# Difference between revisions of "Quartic Equation"

Vincentwant (talk | contribs) (Created page with "A quartic equation is an algebraic equation of the form <math>ax^4 + bx^3 + cx^2 + dx + e = 0.</math> These types of equations are extremely hard to solve; however, there ar...") |
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Now you have a depressed quartic: <math>y^4 + py^2 + qy + r = 0</math> where <math>p = \left(\frac{8ac - 3b^2}{8a^2}\right)</math>, <math>q = \left(\frac{b^3 - 4abc + 8a^2d}{8a^3}\right)</math> and <math>r = \left(\frac{-3b^4 + 16ab^2c - 64a^2bd + 256a^3e}{256a^4}\right)</math>. | Now you have a depressed quartic: <math>y^4 + py^2 + qy + r = 0</math> where <math>p = \left(\frac{8ac - 3b^2}{8a^2}\right)</math>, <math>q = \left(\frac{b^3 - 4abc + 8a^2d}{8a^3}\right)</math> and <math>r = \left(\frac{-3b^4 + 16ab^2c - 64a^2bd + 256a^3e}{256a^4}\right)</math>. | ||

− | === | + | ====TLDR?==== |

− | + | The new depressed quartic is | |

+ | <math>y^4 + py^2 + qy + r = 0</math> where <math>p = \left(\frac{8ac - 3b^2}{8a^2}\right)</math>, <math>q = \left(\frac{b^3 - 4abc + 8a^2d}{8a^3}\right)</math> and <math>r = \left(\frac{-3b^4 + 16ab^2c - 64a^2bd + 256a^3e}{256a^4}\right)</math>. | ||

+ | ===Descartes' Solution=== | ||

+ | |||

+ | [https://en.wikipedia.org/wiki/René_Descartes René Descartes] thought of factoring the depressed quartic into two [[quadratic Equations|quadratics]]: <math>y^4 + py^2 + qy + r = (y^2 + sy + t)(y^2 + uy + v)</math>. Expanding the [[RHS|right-hand side]] gives <math>y^4 + sy^3 + ty^2 + uy^3 + suy^2 + tuy + vy^2 + svy + tv</math>, simplifying to <math>y^4 + (s + u)y^3 + (t + v + su)y^2 + (sv + tu)y + tv</math>. [[Equating coefficients]] gives the following [[system of equations]]: | ||

+ | |||

+ | <math>\begin{cases} s + u = 0 \text{ since the } y^3 \text{ term is 0} \\ p = t + v + su \\ q = sv + tu \\ r = tv \end{cases}</math> | ||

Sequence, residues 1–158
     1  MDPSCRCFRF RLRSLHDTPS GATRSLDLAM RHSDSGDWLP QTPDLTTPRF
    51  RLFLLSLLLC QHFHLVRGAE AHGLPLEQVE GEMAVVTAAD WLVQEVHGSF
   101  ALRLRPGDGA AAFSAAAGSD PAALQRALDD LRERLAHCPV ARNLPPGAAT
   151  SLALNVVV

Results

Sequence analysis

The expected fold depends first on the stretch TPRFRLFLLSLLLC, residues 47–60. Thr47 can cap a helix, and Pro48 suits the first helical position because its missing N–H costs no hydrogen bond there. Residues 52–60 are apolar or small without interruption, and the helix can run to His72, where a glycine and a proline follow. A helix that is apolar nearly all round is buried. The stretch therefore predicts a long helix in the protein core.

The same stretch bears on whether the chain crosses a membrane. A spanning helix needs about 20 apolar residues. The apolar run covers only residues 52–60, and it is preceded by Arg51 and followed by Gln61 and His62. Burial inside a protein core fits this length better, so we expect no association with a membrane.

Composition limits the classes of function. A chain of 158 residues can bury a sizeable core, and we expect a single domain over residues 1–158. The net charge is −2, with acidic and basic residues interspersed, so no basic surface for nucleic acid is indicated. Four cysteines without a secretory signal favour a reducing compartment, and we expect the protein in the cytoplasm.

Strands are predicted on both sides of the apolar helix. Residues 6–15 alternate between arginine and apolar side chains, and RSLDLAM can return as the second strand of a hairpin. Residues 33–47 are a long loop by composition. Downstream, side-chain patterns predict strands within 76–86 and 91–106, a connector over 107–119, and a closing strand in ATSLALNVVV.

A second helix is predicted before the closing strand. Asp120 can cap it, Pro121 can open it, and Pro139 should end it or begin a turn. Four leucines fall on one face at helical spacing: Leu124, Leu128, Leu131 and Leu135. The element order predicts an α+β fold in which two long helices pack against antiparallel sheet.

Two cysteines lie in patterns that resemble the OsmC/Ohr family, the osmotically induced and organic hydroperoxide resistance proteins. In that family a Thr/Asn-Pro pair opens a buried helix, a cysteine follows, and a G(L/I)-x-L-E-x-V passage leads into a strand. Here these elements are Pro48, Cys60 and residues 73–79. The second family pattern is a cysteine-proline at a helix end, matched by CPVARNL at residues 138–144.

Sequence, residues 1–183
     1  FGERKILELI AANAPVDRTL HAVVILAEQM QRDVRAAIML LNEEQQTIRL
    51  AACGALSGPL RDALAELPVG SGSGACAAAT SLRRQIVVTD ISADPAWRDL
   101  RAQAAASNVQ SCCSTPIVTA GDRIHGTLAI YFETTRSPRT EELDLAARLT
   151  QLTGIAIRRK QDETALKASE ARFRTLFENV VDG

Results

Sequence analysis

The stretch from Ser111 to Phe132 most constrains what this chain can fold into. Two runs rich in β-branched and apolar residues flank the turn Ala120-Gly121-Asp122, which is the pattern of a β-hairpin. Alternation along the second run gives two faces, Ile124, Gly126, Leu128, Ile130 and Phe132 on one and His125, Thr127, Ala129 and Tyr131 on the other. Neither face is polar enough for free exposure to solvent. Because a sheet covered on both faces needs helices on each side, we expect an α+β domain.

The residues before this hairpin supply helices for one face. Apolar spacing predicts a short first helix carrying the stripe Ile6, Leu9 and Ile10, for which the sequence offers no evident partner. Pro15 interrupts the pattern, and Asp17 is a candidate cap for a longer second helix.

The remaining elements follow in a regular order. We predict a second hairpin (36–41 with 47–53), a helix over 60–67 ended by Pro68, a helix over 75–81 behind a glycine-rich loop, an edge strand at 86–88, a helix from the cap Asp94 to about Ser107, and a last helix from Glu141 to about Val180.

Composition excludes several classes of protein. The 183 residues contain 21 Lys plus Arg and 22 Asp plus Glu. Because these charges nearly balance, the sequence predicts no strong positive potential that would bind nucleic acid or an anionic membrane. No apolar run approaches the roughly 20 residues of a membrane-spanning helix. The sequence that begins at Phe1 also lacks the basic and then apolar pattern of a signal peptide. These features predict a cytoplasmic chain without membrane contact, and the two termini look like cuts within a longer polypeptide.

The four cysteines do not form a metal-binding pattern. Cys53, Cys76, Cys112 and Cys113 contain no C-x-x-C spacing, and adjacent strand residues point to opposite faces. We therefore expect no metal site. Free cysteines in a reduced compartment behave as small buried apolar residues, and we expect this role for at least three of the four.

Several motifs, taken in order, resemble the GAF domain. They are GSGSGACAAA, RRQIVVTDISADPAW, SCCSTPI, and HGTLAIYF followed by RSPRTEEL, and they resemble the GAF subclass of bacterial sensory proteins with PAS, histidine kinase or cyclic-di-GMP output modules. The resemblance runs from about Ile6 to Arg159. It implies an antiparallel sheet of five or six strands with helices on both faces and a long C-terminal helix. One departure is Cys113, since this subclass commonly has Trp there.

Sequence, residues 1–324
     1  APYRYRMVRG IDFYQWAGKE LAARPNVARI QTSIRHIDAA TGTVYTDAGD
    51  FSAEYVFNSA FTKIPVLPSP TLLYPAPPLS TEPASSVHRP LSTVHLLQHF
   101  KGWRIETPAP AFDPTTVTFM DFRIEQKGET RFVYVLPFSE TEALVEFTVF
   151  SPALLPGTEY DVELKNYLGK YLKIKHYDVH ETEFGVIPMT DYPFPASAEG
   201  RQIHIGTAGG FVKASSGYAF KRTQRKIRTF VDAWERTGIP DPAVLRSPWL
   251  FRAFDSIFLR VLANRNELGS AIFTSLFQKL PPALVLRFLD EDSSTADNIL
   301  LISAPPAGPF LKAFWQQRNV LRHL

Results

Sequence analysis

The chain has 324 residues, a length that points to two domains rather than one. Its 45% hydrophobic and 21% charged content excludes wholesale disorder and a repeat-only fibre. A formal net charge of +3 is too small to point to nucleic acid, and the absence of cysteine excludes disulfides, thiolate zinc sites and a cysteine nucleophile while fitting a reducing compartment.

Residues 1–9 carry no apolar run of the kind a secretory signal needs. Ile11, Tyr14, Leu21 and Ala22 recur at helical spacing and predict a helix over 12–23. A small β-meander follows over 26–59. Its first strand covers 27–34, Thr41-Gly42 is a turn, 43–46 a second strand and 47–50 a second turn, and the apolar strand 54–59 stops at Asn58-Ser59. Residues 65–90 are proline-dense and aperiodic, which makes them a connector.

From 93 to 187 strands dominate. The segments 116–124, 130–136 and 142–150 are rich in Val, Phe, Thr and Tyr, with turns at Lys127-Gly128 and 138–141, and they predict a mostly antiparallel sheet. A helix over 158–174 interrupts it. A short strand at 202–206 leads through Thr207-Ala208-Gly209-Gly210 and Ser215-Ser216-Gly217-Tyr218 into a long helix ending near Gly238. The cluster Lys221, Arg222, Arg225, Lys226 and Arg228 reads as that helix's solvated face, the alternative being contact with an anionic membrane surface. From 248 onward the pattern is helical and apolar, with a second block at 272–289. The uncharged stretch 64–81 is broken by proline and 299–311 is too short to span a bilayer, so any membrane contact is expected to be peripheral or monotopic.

+ | |||

+ | from which we derive <math>s = -u</math> and [[substitution|substitute]] this: | ||

+ | |||

+ | <math>\begin{cases} p + u^2 = t + v \\ q = u(t - v) \\ r = tv \end{cases}</math> | ||

+ | |||

+ | Now eliminate <math>t</math> and <math>v</math> by doing the following: | ||

+ | |||

+ | <cmath>\begin{align*} | ||

+ | u^2(p + u^2)^2 - q^2 &= u^2(t + v)^2 - u^2(t - v)^2 \text{ by substitution}\\ | ||

+ | &= u^2((t + v)^2 - (t - v)^2) \text{ by factoring}\\ | ||

+ | &= u^2(t + v + t - v)(t + v - t + v) \text{ by difference of squares}\\ | ||

+ | &= u^2(2t)(2v) \\ | ||

+ | &= 4u^2tv \\ | ||

+ | &= 4u^2r | ||

+ | \end{align*}</cmath> | ||

+ | |||

+ | Substitute <math>U = u^2</math> to get | ||

+ | |||

+ | <math>U(p + U)^2 - q^2 = 4Ur</math> | ||

+ | |||

+ | <math>U^3 + 2pU^2 + p^2U - q^2</math> | ||

+ | |||

+ | This can be solved via the [[cubic Equation|cubic formula.]] After <math>U</math> is obtained, we have <math>u = \sqrt{u}</math> and can now solve for <math>s</math>, <math>t</math> and <math>v</math>: | ||

+ | |||

+ | ====Solve for s==== | ||

+ | <math>s = -u</math> | ||

+ | |||

+ | ====Solve for t and v==== | ||

+ | We have the system of equations <math>\begin{cases} p + u^2 = t + v \\ \frac{q}{u} = t - v \end{cases}</math>. We can obtain <math>p + u^2 + \frac{q}{u} = 2t</math> and <math>t = \frac{u^3 + pu + q}{2u}</math>. Similarly, <math>v = t - \frac{q}{u}</math>. | ||

+ | |||

+ | Now that both factors have been obtained, we can solve for <math>y</math> by using the [[quadratic formula]] on each of the factors. The two solutions for the quadratics combined form the four solutions of the depressed quartic; add <math>\frac{b}{4a}</math> to each of the solutions to obtain the solutions to the original quartic. |

## Revision as of 17:09, 10 December 2020

A quartic equation is an algebraic equation of the form

These types of equations are extremely hard to solve; however, there are very clever methods for solving them by bringing it down to a cubic. I am going to list the simplest of the five.

## Contents

## Solving Quartic Equations

Look in the "TLDR" section for the final result of each step.

### Bringing it down to a depressed quartic

Start with the equation Divide both sides by a: Now, convert to a depressed quartic by substituting . You now have:

Now you have a depressed quartic: where , and .

#### TLDR?

The new depressed quartic is where , and .

### Descartes' Solution

René Descartes thought of factoring the depressed quartic into two quadratics: . Expanding the right-hand side gives , simplifying to . Equating coefficients gives the following system of equations:

from which we derive and substitute this:

Now eliminate and by doing the following:

Substitute to get

This can be solved via the cubic formula. After is obtained, we have and can now solve for , and :

#### Solve for s

#### Solve for t and v

We have the system of equations . We can obtain and . Similarly, .

Now that both factors have been obtained, we can solve for by using the quadratic formula on each of the factors. The two solutions for the quadratics combined form the four solutions of the depressed quartic; add to each of the solutions to obtain the solutions to the original quartic.